The Biden family dog was a bit more of a problem pooch than the White House initially acknowledged, according to Secret Service emails obtained by the conservative legal group Judicial Watch.
The White House said at the end of March that Major, the Bidens' 3-year-old German shepherd, was involved in a pair of "nipping" incidents, but the emails show he was involved in several more.
"At the current rate an Agent or Officer has been bitten every day this week (3/1-3/8) causing damage to attire or bruising/punctures to the skin," one of the emails said.
When asked on Friday why the administration had provided reporters with a misleading account of the dog's difficulties, White House press secretary Jen Psaki sidestepped the question.
“As we’ve stated previously, Major has had some challenges adjusting to life in the White House. He has been receiving additional training as well as spending some time in Delaware where the environment is more familiar to him and he is more comfortable. I don’t have any additional specifics but I think that speaks to where Major is located, to be fully transparent in your ongoing interest in the dog,” Psaki said.
The emails were released after Judicial Watch filed a Freedom of Information Act lawsuit against the Dept. of Homeland Security earlier this year. The group is best known for lengthy legal battles seeking information about Hillary Clinton’s emails, the Clinton Foundation and the 2012 attack on the U.S. consulate in Benghazi, Libya.
Major's problems appear to have started at the end of February, a month after Biden took office, when the first family was in Delaware.
"This weekend in Wilmington, there were 3 minor incidents where Major nipped/ brushed up and nudged" agents, a March 1 email recounted while also offering safety advice.
"Panicking or running with only embolden animals so stand your ground and protect your hands/fingers by placing them in your pockets or behind your back," the email warned.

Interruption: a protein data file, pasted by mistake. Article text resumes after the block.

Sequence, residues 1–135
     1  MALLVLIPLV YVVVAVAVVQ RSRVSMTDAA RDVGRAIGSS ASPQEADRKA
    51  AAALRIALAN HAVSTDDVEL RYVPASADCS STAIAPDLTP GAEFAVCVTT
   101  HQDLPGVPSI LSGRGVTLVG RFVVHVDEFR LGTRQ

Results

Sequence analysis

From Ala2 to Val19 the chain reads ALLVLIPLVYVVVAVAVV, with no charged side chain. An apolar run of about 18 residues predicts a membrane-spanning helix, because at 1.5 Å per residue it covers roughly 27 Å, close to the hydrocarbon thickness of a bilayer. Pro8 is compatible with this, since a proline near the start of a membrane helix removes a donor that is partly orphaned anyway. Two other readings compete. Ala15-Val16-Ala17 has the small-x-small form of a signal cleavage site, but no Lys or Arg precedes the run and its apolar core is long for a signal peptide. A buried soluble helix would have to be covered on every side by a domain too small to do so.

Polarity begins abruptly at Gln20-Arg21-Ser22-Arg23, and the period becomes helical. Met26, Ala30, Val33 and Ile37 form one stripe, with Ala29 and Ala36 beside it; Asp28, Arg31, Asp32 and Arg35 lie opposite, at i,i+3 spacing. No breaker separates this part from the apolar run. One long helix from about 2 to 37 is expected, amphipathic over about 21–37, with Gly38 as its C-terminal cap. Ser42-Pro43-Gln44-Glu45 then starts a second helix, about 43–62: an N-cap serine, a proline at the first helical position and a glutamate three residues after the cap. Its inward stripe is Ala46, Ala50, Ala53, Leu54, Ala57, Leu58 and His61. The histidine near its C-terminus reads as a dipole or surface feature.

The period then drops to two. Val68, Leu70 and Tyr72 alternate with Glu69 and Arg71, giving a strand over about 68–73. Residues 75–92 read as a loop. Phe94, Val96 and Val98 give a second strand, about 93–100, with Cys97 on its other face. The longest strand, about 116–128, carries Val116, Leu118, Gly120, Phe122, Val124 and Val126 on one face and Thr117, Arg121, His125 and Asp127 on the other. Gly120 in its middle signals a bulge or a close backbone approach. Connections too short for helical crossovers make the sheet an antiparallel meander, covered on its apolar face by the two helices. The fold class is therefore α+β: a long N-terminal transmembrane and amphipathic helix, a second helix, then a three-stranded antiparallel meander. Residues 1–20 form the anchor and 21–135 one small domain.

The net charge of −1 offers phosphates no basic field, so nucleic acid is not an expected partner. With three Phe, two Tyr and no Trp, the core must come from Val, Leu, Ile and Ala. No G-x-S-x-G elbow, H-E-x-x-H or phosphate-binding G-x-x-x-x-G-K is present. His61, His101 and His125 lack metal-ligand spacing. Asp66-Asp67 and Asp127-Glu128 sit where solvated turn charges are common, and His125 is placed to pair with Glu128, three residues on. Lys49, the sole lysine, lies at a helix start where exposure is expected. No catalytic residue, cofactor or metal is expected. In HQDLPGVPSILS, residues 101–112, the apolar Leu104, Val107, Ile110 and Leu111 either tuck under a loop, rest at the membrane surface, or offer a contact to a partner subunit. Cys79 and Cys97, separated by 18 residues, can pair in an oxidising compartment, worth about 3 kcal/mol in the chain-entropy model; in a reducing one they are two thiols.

Another email to agents on the same date warned Major "is not always predictable. Be careful."
Emails show he nipped an agent on March 3rd, and a visitor to the residence staff on March 5th.
The March 5 incident led to a "Who's on first?"-style back and forth between agents.
After seeing a report of a dog bite, an agent asked, "Was it Major?" The other agent responds, "Minor. Did break the skin." The first agent then explains he was referring to the dog. The second agent responds, "Dog: Major. Injury: Minor."
The emails also recounted a March 6 incident where Major "attempted to bite" an agent. "He didn’t make contact with agent’s skin, but did bite a hole through his overcoat," the email said.
Major was one of two presidential pooches at the time. The Biden's other German shepherd, Champ, died in June at age 13.
Michael LaRosa, the press secretary for Jill Biden, said in a statement to NBC News that Major has been "spending more time in Delaware" while undergoing additional training, but suggested he's not banned from the White House.
"Major may come and go to Delaware, as the First Family often does as well," he said.
Despite his issues, both the president and first lady have made clear that Major is a beloved member of the family. "He's a sweet dog," the president said earlier this year.
Franklin Roosevelt also had a German shepherd named Major that didn't take well to life in the White House. That Major wound up being banished to the Roosevelt home in Hyde Park, N.Y. after biting incidents that involved the British prime minister and the first woman elected to the U.S. Senate, Hattie Caraway.